- The type specimen is located in the collection and its label data are compared with the entry in the type database. Even with a complete database, occasionally type specimens may be absent from the registry, such as specimens recently returned or donated to the collection, or specimens not initially recognized as primary during compilation of the database. Also, species in the type database may be a syntype series, in which case the specimen in best condition should be selected for photography. In the event that another specimen is subsequently designated the lectotype by a specialist, that specimen should be photographed as well.
- The specimen and all its labels are photographed - each imaged specimen receives a label indicating that it has already been documented.
images, captured as high resolution, archival-quality TIFF
files or low compression jpeg files, are assigned unique
codes and placed in directories named with a combination
of the species original name and its unique catalog number.
- Large image raw files (TIFF and low compression JPEG files) are converted into smaller, lower resolution JPEG images for incorporation into the online database. Two JPEG versions are made: small (max. 500 pixels wide) and large (max. 900 pixels wide). Both the original raw files and processed smaller files are stored in two copies of hybrid format (readable on any platform) CD ROM's and a single copy data DVD. This ensures that there are at least three independent copies of each image, stored at different locations. A database of raw image files can be maintained in addition to the taxonomic database where processed images are stored. It may also be prudent to store image databases at remote sites, similar to the Harvard University Library's centrally managed Digital Repository Service. These services typically include back-up, monitoring to prevent format obsolescence, and strategies for data migration. It's entirely conceivable to have massive databases that exceed 1000 GB.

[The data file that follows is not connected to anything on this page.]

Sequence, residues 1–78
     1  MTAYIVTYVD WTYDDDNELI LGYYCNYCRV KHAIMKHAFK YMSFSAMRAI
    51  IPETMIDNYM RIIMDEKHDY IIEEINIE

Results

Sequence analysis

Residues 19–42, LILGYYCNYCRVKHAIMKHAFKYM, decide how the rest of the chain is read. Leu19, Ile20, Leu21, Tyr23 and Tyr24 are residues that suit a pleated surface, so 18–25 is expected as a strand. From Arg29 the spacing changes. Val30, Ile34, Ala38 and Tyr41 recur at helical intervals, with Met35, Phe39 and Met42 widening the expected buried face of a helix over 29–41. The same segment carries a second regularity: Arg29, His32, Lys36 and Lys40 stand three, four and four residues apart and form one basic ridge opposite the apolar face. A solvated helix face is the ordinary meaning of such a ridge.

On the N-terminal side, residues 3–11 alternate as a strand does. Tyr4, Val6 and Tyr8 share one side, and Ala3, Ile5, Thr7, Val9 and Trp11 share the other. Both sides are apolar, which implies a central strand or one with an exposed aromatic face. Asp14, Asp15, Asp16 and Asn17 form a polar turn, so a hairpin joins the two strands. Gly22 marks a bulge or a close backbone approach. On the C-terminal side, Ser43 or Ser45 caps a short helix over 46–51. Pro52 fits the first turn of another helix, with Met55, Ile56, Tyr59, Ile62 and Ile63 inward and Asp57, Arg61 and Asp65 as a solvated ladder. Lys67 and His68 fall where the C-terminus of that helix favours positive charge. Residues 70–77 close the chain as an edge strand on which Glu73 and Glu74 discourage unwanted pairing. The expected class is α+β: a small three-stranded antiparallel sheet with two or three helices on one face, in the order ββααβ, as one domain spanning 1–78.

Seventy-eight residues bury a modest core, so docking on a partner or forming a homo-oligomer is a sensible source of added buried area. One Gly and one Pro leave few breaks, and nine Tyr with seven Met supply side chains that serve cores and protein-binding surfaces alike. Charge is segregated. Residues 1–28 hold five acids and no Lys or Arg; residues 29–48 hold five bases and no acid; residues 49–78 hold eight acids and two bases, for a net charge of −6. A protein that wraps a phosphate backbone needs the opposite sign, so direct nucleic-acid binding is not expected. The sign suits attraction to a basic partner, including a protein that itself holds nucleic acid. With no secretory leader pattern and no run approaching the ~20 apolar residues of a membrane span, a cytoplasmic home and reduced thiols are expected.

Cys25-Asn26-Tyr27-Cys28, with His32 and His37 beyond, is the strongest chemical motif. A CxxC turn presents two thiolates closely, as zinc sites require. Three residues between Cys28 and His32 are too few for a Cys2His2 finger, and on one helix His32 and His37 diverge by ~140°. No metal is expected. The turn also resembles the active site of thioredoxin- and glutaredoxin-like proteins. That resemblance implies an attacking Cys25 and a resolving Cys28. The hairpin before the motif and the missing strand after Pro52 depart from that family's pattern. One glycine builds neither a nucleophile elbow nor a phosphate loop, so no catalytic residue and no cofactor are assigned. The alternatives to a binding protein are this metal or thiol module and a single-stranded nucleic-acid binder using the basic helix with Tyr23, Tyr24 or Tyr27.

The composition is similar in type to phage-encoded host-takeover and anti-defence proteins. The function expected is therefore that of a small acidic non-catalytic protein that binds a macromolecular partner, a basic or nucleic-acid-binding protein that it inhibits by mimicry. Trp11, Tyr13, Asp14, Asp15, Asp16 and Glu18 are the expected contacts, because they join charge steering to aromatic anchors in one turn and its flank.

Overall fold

- JPEG versions of images are linked to individual species records in the type database and assigned captions describing the structure or shot.
this endeavor will require a well-trained technical staff
with competence in imaging and computers. The average number
of type specimens a properly trained technician is capable
of documenting in one day varies greatly depending on the
taxon, size of specimens, number of required shots, the need
to create composite images, and the type of equipment used.
For example, photographing relatively large animals such as
butterflies, fish, frogs and crabs requires no composite imaging,
and one can expect to document between 30 to 50 species a
day. At the other end of the spectrum, very small specimens,
such as many ants, gastropods, flies and small crustaceans
require multiple images (between 5 and 20) for each final
composite photograph. In such cases only 4 to 14 species per
day can be documented. Typically, 3 to 5 image views of each
specimen are captured, in addition to associated labels. This
includes dorsal, ventral, lateral and frontal views. Certain
groups (e.g. some scarab beetles) require up to 8 individual
specimen images if such action is suggested as a requirement
for positive identification. Close-ups of the head, mouth
parts, legs or other areas may then be needed.
here for more information
on family-specific requirements.